Ademption by Extinction: Smiting Lord Thurlow’s Ghost



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Texas Tech Law Review


Compares two theories of interpretation of a testamentary gift. The identity doctrine, articulated by Lord Thurlow in 1786 and still the majority rule, dictates that an identified asset that is not held by the testator at time of death adeems. The intent doctrine, a modern approach promulgated by some in the legal community, would look to the testator’s intent by means of extra-will evidence. This article identifies means of escaping the harsh identity rule, the court’s adherence to Thurlow’s doctrine and willingness to deviate when other means of escape are unavailable, and relevant legislation along with the author’s suggestion on how to construe such extinction problems. The author suggests the identity theory be relaxed from a strict construction to a rebuttable presumption, allowing extra-will indicia of the testator’s intent to prevent ademption by extinction.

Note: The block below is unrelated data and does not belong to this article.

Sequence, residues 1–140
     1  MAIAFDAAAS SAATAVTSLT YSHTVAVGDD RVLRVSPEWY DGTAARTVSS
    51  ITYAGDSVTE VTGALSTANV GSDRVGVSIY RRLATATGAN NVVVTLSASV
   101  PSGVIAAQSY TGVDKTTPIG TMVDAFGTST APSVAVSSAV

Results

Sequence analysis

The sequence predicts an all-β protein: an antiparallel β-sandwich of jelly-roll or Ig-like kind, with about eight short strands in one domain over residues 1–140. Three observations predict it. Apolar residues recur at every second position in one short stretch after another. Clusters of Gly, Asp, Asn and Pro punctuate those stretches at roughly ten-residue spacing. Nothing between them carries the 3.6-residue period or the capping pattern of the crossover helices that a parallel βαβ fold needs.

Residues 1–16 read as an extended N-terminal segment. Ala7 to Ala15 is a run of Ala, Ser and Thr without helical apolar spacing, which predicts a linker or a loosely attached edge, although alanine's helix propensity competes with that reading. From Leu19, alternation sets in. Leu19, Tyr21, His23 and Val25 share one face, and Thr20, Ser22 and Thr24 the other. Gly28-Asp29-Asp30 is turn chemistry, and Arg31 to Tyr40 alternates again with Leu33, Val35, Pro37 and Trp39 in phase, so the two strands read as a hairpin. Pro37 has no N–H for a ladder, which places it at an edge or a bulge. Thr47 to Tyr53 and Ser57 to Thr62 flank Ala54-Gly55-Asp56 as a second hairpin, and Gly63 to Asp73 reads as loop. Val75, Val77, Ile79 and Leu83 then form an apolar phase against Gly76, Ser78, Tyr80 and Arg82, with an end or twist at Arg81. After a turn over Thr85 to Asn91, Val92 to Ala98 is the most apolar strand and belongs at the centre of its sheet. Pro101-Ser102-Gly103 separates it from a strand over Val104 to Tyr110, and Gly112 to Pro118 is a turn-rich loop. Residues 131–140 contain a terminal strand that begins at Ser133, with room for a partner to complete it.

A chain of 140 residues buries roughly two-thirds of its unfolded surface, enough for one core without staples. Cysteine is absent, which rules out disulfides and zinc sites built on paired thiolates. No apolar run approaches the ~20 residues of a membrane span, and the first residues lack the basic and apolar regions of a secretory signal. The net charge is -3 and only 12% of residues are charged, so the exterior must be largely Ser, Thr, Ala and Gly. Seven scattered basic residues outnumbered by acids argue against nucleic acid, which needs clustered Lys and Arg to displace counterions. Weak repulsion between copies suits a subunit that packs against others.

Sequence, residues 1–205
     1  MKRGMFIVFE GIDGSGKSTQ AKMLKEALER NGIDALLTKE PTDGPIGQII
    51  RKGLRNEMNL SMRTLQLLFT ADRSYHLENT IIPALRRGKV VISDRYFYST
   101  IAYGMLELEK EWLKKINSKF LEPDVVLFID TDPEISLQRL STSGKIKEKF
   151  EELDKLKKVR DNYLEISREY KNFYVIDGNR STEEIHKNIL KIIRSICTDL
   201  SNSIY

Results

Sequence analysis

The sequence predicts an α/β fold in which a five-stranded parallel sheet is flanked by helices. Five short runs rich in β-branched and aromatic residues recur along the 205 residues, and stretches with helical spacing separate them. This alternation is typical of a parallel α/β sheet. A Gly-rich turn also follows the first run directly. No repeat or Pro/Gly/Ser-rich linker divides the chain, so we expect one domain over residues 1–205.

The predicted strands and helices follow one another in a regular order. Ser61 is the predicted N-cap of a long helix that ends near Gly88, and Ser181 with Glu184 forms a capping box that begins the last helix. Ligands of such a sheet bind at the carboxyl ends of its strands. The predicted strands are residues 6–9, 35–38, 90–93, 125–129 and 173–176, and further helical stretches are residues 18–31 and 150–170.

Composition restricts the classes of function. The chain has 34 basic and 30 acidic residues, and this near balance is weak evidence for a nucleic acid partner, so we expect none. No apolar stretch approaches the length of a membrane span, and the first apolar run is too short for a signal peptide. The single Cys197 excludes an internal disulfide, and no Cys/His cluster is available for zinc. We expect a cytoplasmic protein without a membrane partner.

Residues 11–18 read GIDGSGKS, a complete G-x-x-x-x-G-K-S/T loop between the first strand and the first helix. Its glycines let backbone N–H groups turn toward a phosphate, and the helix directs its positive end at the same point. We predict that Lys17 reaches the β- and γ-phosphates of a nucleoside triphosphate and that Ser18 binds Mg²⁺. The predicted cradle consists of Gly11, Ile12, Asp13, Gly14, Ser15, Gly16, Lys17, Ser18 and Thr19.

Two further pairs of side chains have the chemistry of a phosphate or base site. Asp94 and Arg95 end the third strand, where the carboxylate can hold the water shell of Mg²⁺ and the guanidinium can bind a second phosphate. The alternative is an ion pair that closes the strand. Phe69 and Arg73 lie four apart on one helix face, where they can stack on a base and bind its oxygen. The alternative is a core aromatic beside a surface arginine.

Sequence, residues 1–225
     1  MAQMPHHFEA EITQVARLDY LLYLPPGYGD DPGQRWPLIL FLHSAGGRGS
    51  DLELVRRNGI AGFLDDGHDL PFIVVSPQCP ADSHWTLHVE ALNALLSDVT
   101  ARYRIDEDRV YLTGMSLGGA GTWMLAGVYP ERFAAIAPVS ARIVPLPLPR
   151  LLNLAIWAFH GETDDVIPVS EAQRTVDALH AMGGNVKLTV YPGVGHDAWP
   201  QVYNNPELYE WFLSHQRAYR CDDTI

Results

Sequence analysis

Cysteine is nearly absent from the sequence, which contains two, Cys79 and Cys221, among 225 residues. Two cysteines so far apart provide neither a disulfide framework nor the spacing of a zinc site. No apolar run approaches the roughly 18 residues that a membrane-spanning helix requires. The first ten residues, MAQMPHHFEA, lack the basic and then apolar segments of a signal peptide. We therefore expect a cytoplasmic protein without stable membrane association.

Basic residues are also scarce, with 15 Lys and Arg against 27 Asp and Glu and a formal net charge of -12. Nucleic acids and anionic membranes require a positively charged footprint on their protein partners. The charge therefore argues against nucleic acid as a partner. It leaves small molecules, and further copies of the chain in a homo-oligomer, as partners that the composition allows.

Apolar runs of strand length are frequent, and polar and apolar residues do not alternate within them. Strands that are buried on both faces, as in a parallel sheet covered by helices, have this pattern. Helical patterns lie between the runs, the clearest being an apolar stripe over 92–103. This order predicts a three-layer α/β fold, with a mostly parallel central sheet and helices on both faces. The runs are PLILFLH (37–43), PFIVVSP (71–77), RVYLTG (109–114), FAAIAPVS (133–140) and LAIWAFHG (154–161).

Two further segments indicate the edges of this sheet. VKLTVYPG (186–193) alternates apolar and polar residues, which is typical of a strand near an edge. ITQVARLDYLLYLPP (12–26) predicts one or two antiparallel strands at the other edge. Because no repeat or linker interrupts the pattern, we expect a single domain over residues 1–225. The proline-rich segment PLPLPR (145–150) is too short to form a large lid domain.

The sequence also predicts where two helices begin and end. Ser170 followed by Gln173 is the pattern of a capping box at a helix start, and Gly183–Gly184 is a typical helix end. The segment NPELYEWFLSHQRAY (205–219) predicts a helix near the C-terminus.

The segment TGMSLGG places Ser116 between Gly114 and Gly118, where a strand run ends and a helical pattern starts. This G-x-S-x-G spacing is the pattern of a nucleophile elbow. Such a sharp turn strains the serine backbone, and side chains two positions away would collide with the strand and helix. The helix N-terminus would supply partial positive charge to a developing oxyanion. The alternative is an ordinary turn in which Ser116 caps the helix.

Ademption, Ademption by extinction, Intent doctrine, Identity doctrine, Thurlow’s doctrine, Testamentary gift


2 Tex. Tech L. Rev. 195